Saudi Arabia ‘deports 40,000 Pakistani workers over terror fears’
Thousands of foreign national workers allegedly expelled from country over visa violations and security concerns, as protests over unpaid wages continue
Bethan McKernan Beirut
Monday 13 February 2017 16:59
The Kingdom of Saudi Arabia has expelled almost 40,000 Pakistani migrant workers in the last four months, local media has reported.
Over 39,000 people have been deported since October 2016 over visa violations and security concerns, the Saudi Gazette reported, citing unnamed interior ministry officials. As well as crimes including drug trafficking, forgery and theft, an unknown number of those removed from the country were suspected to have links to Isis and other extremist groups, the paper said.
The alleged mass deportations come after a year of strikes and other unrest in the kingdom due to unpaid wages following the oil market’s decline and subsequent blow to the Saudi economy.
Official Saudi statistics say that 243,000 Pakistanis were deported between 2012 – 2015. Mass deportations of migrant workers – which Human Rights Watch and other rights organisations say often involve illegal beatings and detainment in poor conditions – are fairly common.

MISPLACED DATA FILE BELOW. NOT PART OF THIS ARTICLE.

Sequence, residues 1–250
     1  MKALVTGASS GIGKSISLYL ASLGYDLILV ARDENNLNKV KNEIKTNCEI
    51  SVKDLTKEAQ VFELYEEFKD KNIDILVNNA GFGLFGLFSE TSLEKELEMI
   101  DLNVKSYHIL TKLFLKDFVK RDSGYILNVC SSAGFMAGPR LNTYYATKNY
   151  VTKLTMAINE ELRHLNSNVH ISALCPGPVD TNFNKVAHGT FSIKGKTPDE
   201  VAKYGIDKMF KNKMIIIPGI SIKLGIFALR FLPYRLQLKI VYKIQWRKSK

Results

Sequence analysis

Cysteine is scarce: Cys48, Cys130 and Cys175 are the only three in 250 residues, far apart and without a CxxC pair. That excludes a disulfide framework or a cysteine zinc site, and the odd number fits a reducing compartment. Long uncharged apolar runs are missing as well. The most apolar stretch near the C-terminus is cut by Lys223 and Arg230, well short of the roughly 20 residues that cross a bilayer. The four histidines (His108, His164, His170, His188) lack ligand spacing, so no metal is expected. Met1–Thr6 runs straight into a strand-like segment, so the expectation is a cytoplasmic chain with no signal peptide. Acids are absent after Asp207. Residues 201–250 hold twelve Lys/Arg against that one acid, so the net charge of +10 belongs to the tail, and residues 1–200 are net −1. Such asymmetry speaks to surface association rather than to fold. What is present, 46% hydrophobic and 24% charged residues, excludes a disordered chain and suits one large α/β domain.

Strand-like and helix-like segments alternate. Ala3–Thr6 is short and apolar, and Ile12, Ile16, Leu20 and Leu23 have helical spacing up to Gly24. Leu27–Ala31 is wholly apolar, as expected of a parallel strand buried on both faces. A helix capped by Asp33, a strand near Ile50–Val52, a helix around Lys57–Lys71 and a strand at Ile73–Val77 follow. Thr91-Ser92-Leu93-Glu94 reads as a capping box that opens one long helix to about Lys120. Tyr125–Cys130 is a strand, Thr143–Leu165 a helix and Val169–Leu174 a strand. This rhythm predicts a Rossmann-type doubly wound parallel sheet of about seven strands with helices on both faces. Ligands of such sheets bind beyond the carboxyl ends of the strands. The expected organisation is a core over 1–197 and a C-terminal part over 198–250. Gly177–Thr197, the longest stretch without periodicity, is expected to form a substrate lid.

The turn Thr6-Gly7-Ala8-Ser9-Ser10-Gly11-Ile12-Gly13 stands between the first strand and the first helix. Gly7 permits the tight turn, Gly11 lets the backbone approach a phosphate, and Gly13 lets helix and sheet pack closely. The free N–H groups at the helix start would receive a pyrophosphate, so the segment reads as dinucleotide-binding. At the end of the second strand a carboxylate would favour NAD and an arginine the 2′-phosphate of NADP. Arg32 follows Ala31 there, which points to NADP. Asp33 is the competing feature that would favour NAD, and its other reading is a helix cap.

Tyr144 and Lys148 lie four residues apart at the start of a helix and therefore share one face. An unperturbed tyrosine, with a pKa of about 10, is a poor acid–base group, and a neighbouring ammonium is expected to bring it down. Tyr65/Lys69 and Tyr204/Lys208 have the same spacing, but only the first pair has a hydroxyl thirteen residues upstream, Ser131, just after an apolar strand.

2010 census figures show that 8.5 million of Saudi Arabia’s 27 million strong population, or around 30 per cent, are foreign nationals.
According to a 2014 European University Institute report, there are approximately 900,000 people of Pakistani nationality currently employed in Saudi Arabia’s vast construction industry and other low-paid service jobs.
In Mecca in January, dozens of expatriate workers, mostly from poor Asian and Middle Eastern countries, were beaten and jailed over public protests against unpaid salaries that turned violent.
While the Philippines and India have also seen hundreds of thousands of citizens returned home after lay-offs in Saudi Arabia, the deportation of Pakistani workers has been mainly dr..